The story opens with the defeated French army passing through Rouen. The Prussians soon occupy the town and the soldiers are billeted with the townspeople. Le Havre is still in the hands of the French and several of the wealthy inhabitants of Rouen, with the Prussians’ permission, arrange a carriage destined for Le Havre. They leave at daybreak while snow is still falling. The occupants of the coach consist of a petits bourgeois couple, a bourgeois couple, an aristocratic couple, two nuns, a democrat Cornudet and hidden away in the corner is someone that the others disapprove of:

The woman, one of those usually known as a good-time girl, was famous for the premature portliness which had earned her the nickname Boule de Suif. Small, round as a barrel, fat as butter and with fingers tightly jointed like strings of small sausages, her glowing skin and the enormous bosom which strained under the constraints of her dress — as well as her freshness, which was a delight to the eye — made her hugely desirable and much sought after. She had a rosy apple of a face, a peony bud about to burst into bloom. Out of it looked two magnificent dark eyes shaded by thick black lashes. Further down was a charming little mouth complete with invitingly moist lips and tiny, gleaming pearly-white teeth. She was said to possess a variety of other inestimable qualities.

The respectable women disapprovingly discuss her presence in the carriage whilst the businessmen talk of business matters. The carriage makes slow progress through the snow and because of the war there are no inns open. Everyone becomes hungry, and it turns out that Boule de Suif is the only one who has brought along provisions. Slowly, they accept her offers of food and as a result they become friendly towards her. Although the others are leaving Rouen mostly for monetary reasons, Boule de Suif is leaving because she can’t bear to see the sight of Prussian soldiers occupying a French town.

They arrive at Tôtes in the evening. They are greeted by a Prussian officer and allowed to take rooms in a hotel. Once they are settled the innkeeper tells Boule de Suif that the officer would like to see her. She reluctantly goes but returns, cursing the officer. The following day the travellers are prevented from continuing their journey by order of the officer. It turns out that the officer will only allow them to continue their journey once Boule de Suif has slept with him. The officer sends the innkeeper to find out if she has changed her mind but she indignantly refuses to capitulate:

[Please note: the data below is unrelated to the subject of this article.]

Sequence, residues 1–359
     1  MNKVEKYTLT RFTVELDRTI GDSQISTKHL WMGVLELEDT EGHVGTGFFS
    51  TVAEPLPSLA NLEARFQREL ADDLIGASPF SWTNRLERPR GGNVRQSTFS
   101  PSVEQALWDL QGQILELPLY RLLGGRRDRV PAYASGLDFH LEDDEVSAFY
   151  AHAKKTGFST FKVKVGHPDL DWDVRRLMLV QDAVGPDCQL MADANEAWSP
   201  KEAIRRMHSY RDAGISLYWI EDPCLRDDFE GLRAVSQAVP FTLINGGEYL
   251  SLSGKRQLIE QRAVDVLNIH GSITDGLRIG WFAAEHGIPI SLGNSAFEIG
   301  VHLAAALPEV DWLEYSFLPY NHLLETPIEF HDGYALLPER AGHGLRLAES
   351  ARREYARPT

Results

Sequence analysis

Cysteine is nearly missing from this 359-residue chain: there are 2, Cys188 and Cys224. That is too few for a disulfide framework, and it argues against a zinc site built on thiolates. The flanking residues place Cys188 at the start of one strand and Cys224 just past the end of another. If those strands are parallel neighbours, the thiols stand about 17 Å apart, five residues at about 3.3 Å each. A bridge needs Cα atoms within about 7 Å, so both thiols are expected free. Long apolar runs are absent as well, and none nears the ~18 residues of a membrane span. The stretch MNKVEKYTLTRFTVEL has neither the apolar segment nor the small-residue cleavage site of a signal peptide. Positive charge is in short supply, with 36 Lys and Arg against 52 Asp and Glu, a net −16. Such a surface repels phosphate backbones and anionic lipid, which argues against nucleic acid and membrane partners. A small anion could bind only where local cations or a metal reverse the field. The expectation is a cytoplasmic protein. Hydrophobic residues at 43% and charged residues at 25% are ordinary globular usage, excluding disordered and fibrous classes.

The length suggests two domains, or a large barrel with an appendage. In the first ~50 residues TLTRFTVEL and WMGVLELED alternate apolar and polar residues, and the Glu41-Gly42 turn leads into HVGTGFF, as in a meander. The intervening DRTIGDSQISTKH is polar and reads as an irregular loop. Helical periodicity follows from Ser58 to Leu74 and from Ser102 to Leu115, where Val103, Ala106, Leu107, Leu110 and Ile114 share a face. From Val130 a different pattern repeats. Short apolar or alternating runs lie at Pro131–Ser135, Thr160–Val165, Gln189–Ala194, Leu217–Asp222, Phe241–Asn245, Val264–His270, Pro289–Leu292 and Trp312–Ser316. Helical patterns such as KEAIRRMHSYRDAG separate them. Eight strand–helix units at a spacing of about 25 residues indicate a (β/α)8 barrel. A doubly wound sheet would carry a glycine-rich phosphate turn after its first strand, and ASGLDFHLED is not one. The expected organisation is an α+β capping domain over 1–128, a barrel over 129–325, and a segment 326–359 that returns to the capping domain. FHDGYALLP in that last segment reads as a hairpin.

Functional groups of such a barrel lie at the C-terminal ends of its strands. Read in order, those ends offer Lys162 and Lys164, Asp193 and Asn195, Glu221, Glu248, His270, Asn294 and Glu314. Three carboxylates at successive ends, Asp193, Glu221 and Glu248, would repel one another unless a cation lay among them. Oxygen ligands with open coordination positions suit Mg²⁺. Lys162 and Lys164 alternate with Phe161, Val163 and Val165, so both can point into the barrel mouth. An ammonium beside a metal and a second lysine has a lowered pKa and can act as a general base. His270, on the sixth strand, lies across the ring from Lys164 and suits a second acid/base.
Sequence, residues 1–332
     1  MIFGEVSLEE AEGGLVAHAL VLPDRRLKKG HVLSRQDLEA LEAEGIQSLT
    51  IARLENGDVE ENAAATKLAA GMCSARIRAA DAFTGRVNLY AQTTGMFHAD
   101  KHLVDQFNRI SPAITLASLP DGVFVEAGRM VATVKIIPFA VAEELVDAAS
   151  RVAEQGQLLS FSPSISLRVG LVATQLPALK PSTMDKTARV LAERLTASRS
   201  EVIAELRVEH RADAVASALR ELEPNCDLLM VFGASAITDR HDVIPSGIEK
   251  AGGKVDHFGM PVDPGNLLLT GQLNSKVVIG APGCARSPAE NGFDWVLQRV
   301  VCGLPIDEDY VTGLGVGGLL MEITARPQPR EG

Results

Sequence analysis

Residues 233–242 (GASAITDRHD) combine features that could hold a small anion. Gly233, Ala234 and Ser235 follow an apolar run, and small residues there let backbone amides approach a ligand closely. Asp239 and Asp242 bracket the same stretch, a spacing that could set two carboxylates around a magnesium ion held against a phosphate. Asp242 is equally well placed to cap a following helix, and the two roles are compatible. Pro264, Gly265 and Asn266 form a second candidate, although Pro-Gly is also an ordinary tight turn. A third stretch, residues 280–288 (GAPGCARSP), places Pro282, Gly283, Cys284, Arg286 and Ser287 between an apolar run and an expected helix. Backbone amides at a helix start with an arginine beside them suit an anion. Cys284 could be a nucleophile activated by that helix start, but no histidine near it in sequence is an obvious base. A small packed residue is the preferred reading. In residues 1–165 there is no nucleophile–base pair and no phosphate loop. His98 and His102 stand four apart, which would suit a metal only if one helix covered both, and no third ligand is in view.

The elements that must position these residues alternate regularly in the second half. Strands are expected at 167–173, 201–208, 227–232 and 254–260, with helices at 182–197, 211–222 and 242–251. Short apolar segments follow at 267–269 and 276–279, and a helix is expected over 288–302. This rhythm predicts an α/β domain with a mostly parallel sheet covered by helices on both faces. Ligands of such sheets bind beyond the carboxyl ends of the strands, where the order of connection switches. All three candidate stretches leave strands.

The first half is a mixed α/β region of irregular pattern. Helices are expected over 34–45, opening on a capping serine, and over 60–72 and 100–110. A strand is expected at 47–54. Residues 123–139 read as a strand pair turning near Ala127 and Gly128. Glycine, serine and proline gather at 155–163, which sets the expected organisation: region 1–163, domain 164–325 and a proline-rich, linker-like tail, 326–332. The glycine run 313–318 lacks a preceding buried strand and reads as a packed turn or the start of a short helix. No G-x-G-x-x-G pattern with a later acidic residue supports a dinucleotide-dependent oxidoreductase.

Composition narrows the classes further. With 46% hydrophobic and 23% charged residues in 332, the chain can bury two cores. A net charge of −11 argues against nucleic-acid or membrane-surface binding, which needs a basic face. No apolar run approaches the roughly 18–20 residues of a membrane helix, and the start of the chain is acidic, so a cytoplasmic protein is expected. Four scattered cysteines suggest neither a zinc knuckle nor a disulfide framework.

Boule de Suif remained standing. At first very pale, she suddenly turned crimson, choking so much with rage that she was unable to speak. Finally she burst out: ‘Tell that bastard, that sod of a Prussian, that I never will, d’you hear? Never, never, never!’

If you don’t want to know the ending of the story you may wish to stop reading at this point.

The others are initially shocked and angrily disapprove of the officer’s uncouth behaviour and sympathise with Boule de Suif’s position. But, as the days drag on they become less sympathetic towards her. They begin to resent her, a lowly prostitute, preventing them from continuing their journey. After all, they reason, all she’s being asked to do is what she does for a living anyway. They try to convince her to give in to the officer’s demands but have little luck at first. When the nuns reveal that they are trying to get to Le Havre to nurse French soldiers Boule de Suif eventually goes to see the officer. Meanwhile, the other travellers celebrate, getting drunk and telling risqué stories. Only Cornudet, the democrat, seems to be concerned over the way they’re behaving.

The following day the carriage is allowed to leave. Boule de Suif enters the carriage timidly and everyone is embarrased.

At first no one spoke. Boule de Suif dared not look up. She felt simultaneously angry with her neighbours, humiliated by having given in to them, and defiled by the caresses of the Prussian into whose arms they had so hypocritically thrown her.

But her humiliation is not over yet. Now, with normality restored, they can ignore Boule de Suif completely and to really dig the knife in they all get their parcels of food out and start tucking in. Boule de Suif of course has not got any food with her; the others ignore her as they eat and chat away. Their incredible hypocrisy angers her but she is soon overcome with tears; Mme Loiseau tells the others that she’s crying ‘from shame, that’s all’.

The travellers are a good cross-section of French ‘civilised society’, with the exception of Boule de Suif of course, but it is only she that is patriotic, honest and honourable. The others are revealed to be mean-spirited, callous, greedy and self-centred. Even the nuns are shown in a bad light as it is their story of helping the wounded soldiers that was the final argument that convinced Boule de Suif to go against her own decision. And in the final scene no-one, not even Cornudet, shows her any compassion or shares any food with her. Instead, she just sits in the carriage sobbing ashamed of herself and angry at the others.

The Flaubert quotation was taken from Maupassant (1950) by Francis Steegmuller and the Boule de Suif quotations were taken from Siân Miles’ translation from the Penguin collection, A Parisian Affair and Other Stories (2004).

This was cross-posted on the Marvellous Maupassant blog.


Filed under Maupassant, Guy de